Health care rationing is discussed by Professor Alan B. Cohen in a Letter-to-the-Editor in today's NY Times (March 21, 2012). In his letter, Professor Cohen beclouds the true issue that "rationing" implies. The term is understood to apply to the so-called "death panels," an unfortunate euphemism for limiting health care in certain situations. Americans must come to understand the enormous percent of the medical dollar consumed during the last years of life (estimated at 33% in some studies), most often without significant life-extension, and the prodigious sum expended on those with terminal illnesses, often on procedures and pharmaceuticals that are at best of questionable value. The health care dollar is best applied where it is clearly shown to be of significant benefit. We need "panels" to perform well-constructed "outcome studies" to properly evaluate how the shrinking health-care dollar is best applied, and to consider restricting re-imbursement to those applications.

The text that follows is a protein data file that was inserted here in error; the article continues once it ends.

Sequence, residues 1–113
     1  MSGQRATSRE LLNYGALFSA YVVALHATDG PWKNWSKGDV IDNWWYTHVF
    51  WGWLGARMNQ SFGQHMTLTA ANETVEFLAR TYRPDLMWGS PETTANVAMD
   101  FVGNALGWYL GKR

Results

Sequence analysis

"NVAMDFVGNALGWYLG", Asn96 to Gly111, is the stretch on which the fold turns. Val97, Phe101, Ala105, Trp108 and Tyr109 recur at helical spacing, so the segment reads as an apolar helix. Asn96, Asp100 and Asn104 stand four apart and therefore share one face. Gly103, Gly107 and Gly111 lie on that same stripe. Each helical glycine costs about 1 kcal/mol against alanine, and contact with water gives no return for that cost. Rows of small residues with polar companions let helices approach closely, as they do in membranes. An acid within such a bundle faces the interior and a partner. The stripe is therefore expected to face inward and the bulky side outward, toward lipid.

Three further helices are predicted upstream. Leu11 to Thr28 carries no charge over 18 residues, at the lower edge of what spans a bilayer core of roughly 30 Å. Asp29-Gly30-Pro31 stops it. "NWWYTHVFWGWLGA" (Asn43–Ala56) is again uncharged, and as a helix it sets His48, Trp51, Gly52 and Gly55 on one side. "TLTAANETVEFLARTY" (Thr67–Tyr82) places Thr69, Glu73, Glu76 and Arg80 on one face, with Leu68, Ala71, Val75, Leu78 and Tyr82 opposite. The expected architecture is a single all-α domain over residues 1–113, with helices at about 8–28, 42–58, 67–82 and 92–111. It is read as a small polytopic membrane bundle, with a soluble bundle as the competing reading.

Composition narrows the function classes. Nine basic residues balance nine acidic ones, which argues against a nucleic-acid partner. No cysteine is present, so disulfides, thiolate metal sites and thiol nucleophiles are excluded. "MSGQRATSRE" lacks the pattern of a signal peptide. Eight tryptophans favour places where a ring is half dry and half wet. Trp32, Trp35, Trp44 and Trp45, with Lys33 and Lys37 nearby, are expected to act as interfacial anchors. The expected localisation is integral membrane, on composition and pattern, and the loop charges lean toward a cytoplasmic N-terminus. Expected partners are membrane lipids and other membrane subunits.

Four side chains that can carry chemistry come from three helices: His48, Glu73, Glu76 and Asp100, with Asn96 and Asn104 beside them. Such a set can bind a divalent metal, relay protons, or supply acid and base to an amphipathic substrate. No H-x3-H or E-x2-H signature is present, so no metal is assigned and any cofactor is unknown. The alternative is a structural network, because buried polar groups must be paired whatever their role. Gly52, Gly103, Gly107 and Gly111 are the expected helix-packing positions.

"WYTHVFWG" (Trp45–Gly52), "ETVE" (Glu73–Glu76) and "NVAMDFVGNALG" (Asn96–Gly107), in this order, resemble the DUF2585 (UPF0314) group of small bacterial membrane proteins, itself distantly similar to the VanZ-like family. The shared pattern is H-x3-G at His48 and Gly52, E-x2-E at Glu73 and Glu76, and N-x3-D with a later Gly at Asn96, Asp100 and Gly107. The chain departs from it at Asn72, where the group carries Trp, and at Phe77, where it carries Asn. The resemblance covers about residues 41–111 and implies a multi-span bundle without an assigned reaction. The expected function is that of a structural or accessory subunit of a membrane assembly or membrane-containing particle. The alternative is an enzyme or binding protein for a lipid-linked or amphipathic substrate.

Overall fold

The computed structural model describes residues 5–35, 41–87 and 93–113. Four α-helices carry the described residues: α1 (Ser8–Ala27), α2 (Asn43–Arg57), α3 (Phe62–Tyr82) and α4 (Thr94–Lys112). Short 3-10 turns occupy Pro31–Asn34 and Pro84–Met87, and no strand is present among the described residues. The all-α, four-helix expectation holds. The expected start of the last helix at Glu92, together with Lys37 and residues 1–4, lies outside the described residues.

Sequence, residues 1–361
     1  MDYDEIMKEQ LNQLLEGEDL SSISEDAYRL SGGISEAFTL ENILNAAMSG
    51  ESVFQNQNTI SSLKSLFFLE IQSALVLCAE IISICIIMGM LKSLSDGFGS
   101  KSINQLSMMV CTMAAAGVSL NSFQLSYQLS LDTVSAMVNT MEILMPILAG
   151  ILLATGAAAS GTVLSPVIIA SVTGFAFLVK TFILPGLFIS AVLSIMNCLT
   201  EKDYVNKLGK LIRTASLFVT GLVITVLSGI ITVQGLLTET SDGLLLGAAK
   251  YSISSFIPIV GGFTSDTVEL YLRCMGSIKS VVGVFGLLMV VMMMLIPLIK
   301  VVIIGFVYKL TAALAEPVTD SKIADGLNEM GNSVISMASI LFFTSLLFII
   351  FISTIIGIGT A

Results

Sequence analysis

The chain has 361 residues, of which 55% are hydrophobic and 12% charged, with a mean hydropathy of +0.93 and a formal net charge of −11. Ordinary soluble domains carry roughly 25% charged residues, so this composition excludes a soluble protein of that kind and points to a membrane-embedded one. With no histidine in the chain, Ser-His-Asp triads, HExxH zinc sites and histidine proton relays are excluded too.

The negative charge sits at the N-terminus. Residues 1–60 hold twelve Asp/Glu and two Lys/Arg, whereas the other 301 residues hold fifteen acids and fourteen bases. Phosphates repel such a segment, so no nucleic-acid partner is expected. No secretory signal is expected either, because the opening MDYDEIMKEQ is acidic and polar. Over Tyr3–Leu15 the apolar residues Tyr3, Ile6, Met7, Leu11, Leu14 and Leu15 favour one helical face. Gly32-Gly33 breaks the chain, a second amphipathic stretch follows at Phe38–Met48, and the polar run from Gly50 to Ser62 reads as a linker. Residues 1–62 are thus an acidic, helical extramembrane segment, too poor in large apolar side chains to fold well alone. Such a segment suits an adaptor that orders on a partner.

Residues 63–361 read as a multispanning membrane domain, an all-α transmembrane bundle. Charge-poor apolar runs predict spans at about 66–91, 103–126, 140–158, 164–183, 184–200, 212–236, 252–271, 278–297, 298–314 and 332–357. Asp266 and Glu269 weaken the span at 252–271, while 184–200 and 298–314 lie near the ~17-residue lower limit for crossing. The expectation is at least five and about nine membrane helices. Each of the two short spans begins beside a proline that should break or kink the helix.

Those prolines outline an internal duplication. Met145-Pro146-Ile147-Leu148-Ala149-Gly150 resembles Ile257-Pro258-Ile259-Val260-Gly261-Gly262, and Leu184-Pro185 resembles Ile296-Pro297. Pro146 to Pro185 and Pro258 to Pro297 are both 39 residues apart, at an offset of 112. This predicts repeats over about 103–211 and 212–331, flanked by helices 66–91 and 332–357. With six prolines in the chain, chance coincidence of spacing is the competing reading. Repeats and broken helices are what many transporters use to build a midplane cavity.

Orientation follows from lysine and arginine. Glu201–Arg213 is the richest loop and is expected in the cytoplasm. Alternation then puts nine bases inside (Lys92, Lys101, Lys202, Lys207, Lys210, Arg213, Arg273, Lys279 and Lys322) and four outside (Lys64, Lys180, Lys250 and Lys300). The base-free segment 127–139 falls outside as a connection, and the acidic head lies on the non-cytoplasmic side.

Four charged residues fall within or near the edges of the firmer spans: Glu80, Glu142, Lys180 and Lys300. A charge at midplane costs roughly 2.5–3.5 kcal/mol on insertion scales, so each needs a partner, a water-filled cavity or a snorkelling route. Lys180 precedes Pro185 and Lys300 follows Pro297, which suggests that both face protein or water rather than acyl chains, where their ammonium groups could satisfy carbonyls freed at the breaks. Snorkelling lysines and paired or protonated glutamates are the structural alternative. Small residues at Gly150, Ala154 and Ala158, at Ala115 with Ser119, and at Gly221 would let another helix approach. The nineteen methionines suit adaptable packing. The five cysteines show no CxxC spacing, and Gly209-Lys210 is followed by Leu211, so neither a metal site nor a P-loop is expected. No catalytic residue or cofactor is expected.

Except for the unlikely discovery of some future inexpensive panacea, Americans must come to accept the fact that the existential advances in medical research and technology (also very expensive) - their intent being to eliminate disease and extend life - are associated with massive increases in cost. This is the true "reality" that "life-panels" will need to address.